Words: Chris Lesser
Photos: Morgan Meredith
A quest for singletrack south of the Mason-Dixon line reveals a cast of unlikely characters, a hearty riding culture and a hollerin’ good time. Over the course of nine days and 1,500 miles, we mercilessly flog a rental van and live off deep-fried food as we search for the South’s finest trails.
Georgia: Getting Dialed
Exiting I-575 on the northern outskirts of Atlanta, a series of large municipal signs direct us to the trailhead at Blankets Creek: Mountain Bike Trails, This Way. The large parking area is one of the most institutionalized I’ve ever seen—a kiosk displays trail information, lists corporate sponsors, has a donation box for contributions and informs riders of a third, $75,000 loop that was recently added to the two already established here. This display of civic responsibility smacks of Berkeley or Boulder, or even Portland, Oregon. But Georgia?
Skills-building planks and skinnies greet riders, and we climb the newest loop, which clings to a hillside high above Allatoona Lake. The switchback ascent is well buttressed and wraps up one of the steepest pitches we’ve seen so far.
Haro-sponsored rider Eric Porter, who joined us in Atlanta, leads the charge, and we plunge down leafy descents after each short, punchy climb. Wooden signs with carved alien heads offering maxims like “SKID = SQUID” and “Gravity Cavity” line the trail. It is fast and swoopy and littered with more rocks than we saw in Louisiana, Mississippi and Alabama combined.
Judging by the traffic on the trail, the signs off the exit ramp seem to be working, and we see more than one rider sporting the brand-new-department-store-bikeand-sweatpants look.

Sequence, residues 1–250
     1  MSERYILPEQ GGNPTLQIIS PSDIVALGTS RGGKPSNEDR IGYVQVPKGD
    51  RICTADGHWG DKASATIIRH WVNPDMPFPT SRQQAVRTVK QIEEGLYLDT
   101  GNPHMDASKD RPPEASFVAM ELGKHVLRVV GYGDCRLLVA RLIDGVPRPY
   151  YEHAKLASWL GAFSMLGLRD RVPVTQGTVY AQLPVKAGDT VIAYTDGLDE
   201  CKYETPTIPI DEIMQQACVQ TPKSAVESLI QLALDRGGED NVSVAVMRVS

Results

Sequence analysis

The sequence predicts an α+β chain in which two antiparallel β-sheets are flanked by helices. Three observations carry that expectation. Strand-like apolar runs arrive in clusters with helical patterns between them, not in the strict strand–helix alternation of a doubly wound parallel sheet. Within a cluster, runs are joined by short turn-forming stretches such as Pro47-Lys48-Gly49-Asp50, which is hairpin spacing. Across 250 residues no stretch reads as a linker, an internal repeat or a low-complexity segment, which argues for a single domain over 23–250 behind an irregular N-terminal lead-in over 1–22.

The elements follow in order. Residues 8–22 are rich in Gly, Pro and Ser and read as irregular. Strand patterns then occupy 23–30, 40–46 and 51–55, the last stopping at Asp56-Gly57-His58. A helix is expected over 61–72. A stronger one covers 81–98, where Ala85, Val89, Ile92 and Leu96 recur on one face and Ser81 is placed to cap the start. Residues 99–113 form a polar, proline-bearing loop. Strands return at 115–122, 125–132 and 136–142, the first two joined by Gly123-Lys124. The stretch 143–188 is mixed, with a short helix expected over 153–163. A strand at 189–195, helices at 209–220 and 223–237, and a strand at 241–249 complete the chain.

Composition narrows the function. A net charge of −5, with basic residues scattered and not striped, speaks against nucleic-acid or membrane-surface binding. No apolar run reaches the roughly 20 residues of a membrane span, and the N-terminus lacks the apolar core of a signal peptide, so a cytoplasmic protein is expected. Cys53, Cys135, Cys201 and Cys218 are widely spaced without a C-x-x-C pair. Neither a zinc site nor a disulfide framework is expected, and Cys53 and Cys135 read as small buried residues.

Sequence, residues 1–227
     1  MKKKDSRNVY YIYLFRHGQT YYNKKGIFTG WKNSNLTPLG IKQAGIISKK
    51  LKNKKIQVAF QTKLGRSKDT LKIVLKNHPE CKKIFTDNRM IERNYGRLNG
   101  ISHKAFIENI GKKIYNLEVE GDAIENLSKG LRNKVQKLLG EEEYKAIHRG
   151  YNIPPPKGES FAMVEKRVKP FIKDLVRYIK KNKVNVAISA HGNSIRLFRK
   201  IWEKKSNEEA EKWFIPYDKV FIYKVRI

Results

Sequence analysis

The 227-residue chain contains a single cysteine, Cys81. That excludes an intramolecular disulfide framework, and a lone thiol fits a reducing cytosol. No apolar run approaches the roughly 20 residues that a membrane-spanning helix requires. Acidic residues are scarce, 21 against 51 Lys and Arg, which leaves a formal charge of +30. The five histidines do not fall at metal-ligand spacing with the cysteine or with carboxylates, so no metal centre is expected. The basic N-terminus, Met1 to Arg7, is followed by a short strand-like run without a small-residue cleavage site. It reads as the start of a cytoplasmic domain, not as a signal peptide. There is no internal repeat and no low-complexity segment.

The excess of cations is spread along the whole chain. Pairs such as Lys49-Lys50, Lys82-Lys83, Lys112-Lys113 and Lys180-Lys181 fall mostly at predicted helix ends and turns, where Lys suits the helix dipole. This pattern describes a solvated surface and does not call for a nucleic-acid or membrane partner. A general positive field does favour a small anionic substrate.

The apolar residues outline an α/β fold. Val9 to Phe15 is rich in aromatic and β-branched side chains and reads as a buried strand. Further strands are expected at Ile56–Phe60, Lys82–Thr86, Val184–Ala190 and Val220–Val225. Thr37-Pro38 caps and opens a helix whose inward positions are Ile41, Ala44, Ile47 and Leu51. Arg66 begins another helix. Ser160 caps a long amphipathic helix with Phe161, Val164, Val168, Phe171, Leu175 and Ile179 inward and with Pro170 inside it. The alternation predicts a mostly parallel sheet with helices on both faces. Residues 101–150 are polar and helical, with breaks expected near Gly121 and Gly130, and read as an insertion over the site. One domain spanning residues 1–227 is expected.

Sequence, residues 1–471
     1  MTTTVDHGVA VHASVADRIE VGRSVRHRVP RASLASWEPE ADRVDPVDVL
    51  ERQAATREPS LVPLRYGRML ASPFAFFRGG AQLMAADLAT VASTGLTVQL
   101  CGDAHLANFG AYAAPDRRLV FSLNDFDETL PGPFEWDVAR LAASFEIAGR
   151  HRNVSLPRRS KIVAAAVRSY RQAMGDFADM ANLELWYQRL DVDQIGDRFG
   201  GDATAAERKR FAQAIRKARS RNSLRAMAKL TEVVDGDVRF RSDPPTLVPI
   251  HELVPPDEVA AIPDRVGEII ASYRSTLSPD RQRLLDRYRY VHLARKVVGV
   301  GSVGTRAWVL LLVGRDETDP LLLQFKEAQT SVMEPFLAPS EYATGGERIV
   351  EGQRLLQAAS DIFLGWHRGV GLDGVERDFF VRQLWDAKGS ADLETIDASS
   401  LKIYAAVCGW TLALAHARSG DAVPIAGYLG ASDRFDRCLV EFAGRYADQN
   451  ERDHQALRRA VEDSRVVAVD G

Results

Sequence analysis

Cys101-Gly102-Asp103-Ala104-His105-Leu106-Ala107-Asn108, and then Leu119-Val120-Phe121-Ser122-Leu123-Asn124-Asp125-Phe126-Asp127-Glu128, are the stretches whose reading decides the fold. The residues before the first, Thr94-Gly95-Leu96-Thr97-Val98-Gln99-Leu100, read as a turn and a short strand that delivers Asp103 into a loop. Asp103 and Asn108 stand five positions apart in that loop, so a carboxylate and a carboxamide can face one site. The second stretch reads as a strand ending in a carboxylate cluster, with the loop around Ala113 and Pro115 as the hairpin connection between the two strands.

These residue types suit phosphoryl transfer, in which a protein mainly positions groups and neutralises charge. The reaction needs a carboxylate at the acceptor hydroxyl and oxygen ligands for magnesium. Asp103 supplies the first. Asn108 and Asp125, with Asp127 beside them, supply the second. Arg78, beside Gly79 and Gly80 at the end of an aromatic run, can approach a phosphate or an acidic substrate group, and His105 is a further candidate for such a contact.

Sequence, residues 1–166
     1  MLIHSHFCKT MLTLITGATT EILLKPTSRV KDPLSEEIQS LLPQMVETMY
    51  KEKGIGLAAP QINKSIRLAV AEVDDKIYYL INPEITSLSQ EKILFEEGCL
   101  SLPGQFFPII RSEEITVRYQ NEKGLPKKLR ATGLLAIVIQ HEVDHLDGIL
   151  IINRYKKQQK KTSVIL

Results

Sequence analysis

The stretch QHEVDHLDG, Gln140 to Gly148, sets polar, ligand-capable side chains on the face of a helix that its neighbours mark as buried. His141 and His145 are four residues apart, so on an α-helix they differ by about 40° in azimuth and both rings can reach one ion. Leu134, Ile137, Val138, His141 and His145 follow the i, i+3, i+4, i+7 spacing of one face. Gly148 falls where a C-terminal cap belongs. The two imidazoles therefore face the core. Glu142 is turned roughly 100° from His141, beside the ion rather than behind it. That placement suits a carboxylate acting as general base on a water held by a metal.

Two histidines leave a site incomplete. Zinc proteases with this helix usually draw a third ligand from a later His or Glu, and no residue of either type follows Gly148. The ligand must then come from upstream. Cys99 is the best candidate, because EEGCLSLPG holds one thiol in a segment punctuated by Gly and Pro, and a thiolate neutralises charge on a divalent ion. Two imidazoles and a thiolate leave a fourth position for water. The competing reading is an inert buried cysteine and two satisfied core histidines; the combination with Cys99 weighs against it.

But newbies didn’t build these trails. SORBA, the southern-fried branch of IMBA and the organizational muscle behind all this civic integration, built them.
“A lot of people in the South own bass boats. I don’t—I’ve got bicycles,” says Jay Franklin, who began volunteering with SORBA shortly after its inception in 1988, and served as club president during the lead-up to the 1996 Atlanta Olympic Games. “Helps now we have trails in the metro area. Used to be we were just in the national forests, but now we’re building on Corps of Engineers land, and city land and parks have opened up, too.”
Just before the Olympics, membership hovered around the 400-mark, but today SORBA’s roster tops 3,800 paid members, and Jay says that’s not counting volunteers who come from outside the organization.
Luckily for riders here, the notion of southern hospitality extends to trail building, and SORBA tallies a considerable number of volunteer hours every year. How? Easy: organize militantly, rally around year-round riding, and tap corporations and churches to help with volunteer days.
“One of the local church groups may bring 300 people,” says Jay. “You get a lot of trail work done with 300 people.”
This content was originally published in Bike’s November 2009 issue.